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13
Face Sharing Written by Scott Grosch

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While the ability to create and use complications has existed for years, being able to share the perfect watch face with your friends and customers is a new feature. Most apps you develop will only have a single complication. Sometimes, however, you might provide multiple complications.

Consider the TideWatch app you built in previous chapters. Currently, there’s a single complication that displays the tide. You might wish to extend the app to include complications that provide the current water temperature and wind conditions. When it makes sense to group multiple complications from your app or other apps, you can now offer a way for your customers to receive a preconfigured watch face easily.

Note: You’ll need a physical device to send a watch face from the iPhone to the Apple Watch.

Sharing faces

There are four ways you can share a watch face:

  1. Using the Watch app on your iOS device.
  2. Directly from your watch.
  3. Downloading a watchface file from the web.
  4. Adding it via your custom iOS app.

From the iPhone

One of the simplest ways to share a watch face is by running the Watch app on your iPhone. When the app opens, you’ll see all of the watch faces you have currently configured:

From the Apple Watch

It’s even easier to share from the Apple Watch. From the home screen, long-press the watch face and choose the share icon. Then select to whom you’d like to send the watch face:

From the web

If you want to share multiple watch faces, you may wish to host them on your app’s website. Point your favorite browser to Apple’s Human Interface Guide (HIG). Scroll down to the Technologies section, and you’ll see a download available for Add Apple Watch Face. Download the file, which is a DMG, and then double-click it. You’ll see a window containing the developer license as well as an Assets folder.

<html>
<head>
<link rel="stylesheet" href="style.css">
</head>
<body>
<h1>My Cool App</h1>
<p>We really think you'll love this watch face!</p>

<hr />
<div>
  <img src="preview.png">
  <br/>
  <br/>

  <a href="FaceToShare.watchface"
     type="application/vnd.apple.watchface">
    <img src="download.svg">
  </a>
</div>

<div>
  <p>
    You can scan the below QR code to install the watch face from your
    paired iOS device.
  </p>
  <img alt="QR Code" class="qrcode" src="qrcode.png">
</div>
</body>
</html>

From the iOS app

You have one final option for providing a preconfigured watch face. You can embed the face right into your iOS app. The advantage of this approach is that the person using your app doesn’t have to transition to a website. You simply provide them some mechanism to send the face directly to the paired Apple Watch via one of the HIG buttons you downloaded.

Setting up the session

In the Watch Connectivity chapter, you learned about WCSession and WCSessionDelegate. To know whether an Apple Watch is paired to the iOS device, you’ll need the same type of session running. If there’s not a paired Apple Watch, then you wouldn’t want to provide the option to install a custom watch face.

// 1
@MainActor
@Published
var showFaceSharing = false

private func updateFaceSharing(_ session: WCSession) {
  // 2
  let activated = session.activationState == .activated
  let paired = session.isPaired

  // 3
  DispatchQueue.main.async {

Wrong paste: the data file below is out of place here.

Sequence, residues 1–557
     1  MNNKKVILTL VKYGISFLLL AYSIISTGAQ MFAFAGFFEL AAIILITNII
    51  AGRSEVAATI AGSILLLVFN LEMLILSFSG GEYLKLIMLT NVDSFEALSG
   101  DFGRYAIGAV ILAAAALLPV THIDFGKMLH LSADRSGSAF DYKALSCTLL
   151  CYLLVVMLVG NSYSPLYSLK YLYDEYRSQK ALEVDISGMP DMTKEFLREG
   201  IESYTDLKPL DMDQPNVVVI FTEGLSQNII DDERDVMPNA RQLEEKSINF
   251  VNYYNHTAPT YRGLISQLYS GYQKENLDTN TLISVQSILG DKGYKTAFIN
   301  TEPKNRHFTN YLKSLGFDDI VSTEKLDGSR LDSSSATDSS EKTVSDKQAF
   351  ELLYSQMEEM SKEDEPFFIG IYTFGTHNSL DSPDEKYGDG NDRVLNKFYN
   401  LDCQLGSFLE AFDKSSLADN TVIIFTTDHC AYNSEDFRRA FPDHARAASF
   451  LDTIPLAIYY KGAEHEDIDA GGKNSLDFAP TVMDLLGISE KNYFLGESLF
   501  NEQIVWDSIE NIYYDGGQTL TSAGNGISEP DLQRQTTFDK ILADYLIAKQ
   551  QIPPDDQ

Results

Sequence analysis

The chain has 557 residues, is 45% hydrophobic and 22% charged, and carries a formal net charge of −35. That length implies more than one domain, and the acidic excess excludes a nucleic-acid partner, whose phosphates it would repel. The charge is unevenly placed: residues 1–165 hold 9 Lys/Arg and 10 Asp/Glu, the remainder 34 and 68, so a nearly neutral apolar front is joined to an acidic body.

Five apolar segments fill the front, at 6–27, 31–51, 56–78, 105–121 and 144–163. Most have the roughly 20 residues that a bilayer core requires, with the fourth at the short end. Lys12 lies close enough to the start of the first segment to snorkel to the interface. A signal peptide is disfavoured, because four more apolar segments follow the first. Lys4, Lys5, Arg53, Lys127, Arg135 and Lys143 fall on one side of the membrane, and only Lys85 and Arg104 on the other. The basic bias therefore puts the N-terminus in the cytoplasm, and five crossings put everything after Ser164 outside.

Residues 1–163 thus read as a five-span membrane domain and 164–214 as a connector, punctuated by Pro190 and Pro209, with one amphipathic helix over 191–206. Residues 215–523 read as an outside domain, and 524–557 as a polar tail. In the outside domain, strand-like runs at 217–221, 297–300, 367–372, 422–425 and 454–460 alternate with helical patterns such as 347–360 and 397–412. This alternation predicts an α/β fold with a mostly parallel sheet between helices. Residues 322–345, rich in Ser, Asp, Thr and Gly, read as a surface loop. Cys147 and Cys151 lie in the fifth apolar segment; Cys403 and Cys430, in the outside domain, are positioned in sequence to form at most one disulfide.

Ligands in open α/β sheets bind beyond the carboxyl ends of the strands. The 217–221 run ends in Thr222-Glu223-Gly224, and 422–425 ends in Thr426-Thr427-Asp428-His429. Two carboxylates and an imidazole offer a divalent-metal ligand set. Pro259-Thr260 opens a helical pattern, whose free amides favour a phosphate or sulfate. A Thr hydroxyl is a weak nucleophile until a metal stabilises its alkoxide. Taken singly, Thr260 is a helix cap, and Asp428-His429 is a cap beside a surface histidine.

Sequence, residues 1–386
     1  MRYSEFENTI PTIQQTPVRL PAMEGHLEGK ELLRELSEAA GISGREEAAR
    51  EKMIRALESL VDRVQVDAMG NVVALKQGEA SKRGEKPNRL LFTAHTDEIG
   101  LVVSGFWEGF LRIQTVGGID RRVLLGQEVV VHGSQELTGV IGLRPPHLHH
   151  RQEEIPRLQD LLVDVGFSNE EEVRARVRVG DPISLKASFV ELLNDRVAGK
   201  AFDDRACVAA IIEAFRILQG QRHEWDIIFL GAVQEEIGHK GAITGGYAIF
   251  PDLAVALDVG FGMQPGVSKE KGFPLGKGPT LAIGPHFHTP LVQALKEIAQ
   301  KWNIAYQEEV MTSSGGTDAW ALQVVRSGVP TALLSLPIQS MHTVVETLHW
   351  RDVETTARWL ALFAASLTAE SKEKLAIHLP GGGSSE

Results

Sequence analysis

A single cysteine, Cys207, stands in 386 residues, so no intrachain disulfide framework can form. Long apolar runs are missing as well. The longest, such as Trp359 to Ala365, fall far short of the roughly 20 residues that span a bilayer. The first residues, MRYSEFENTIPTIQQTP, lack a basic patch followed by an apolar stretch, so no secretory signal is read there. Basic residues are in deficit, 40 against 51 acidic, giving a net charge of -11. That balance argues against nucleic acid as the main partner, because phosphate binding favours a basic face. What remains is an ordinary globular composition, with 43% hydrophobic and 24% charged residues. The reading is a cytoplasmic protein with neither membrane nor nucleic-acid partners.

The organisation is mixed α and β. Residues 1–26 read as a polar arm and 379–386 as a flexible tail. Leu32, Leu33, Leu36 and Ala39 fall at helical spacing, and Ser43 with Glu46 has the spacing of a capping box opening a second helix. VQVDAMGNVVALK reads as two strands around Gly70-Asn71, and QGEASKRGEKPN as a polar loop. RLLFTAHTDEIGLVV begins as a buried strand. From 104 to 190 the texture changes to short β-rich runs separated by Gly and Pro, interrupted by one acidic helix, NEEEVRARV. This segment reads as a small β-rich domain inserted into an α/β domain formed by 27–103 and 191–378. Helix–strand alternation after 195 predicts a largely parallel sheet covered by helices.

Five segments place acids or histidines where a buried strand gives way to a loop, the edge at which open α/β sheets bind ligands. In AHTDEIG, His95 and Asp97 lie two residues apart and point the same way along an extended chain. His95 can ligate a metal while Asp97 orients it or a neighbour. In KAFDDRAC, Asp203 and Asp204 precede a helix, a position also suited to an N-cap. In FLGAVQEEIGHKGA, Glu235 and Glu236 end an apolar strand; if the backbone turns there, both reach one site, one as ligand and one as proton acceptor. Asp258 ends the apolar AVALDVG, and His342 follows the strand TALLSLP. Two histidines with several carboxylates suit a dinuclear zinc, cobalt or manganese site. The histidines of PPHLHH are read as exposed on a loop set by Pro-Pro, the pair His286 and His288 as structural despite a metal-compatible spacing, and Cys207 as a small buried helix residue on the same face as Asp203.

self.showFaceSharing = activated && paired
  }
}
updateFaceSharing(session)
func sessionWatchStateDidChange(_ session: WCSession) {
  updateFaceSharing(session)
}

Showing the share button

Now open ContentView.swift. Currently, you only show an image of the face which you’ll send to the watch. You need to include a download button, but only if there’s a paired Apple Watch.

// 1
if session.showFaceSharing {
} else {
  // 2
  Text("Unable to share watch face")
    .font(.title)
  // 3
  Text("Please pair an Apple Watch first")
    .font(.title3)
}
// 1
func sendWatchFace() async {
  // 2
  guard let url = Bundle.main.url(
    forResource: "FaceToShare",
    withExtension: "watchface"
  ) else {
    // 3
    fatalError("You didn't include the watchface file in the bundle.")
  }
}
import ClockKit
// 1
let library = CLKWatchFaceLibrary()

// 2
do {
  // 3
  try await library.addWatchFace(at: url)
} catch {
  // 4
  print(error.localizedDescription)
}
Button {
  Task { await sendWatchFace() }
} label: {
  Image("ShareButton")
}

Handling shared complications

When the Apple Watch receives a shared complication, ClockKit will call handleSharedComplicationDescriptors(_:) on your watchOS extension’s CLKComplicationDataSource. Depending on how your app structured its complications, you may or may not need to implement that delegate method.

func handleSharedComplicationDescriptors(
  _ complicationDescriptors: [CLKComplicationDescriptor]
) {
  for descriptor in complicationDescriptors {
    guard
      let userInfo = descriptor.userInfo,
      let type = userInfo[truckTypeKey] as? String
    else {
      return
    }

    // Add the new truck type
  }
}

Key points

  • Only install a watch face if the user requests it.
  • Don’t offer to install a watch face if there is no paired device.
  • Anyone can create shareable watch faces, but only you can offer them from inside the app.
  • Remember to handle complication-specific data.

Where to go from here?

  • The sample materials for this chapter contain a web folder that includes the full source to the sample webpage.
  • Check out the amazing Watchfacely site for great examples of sharing faces via the web.
  • Many sites on the web will generate QR codes for free, such as QR Code Generator.

Have a technical question? Want to report a bug? You can ask questions and report bugs to the book authors in our official book forum here.

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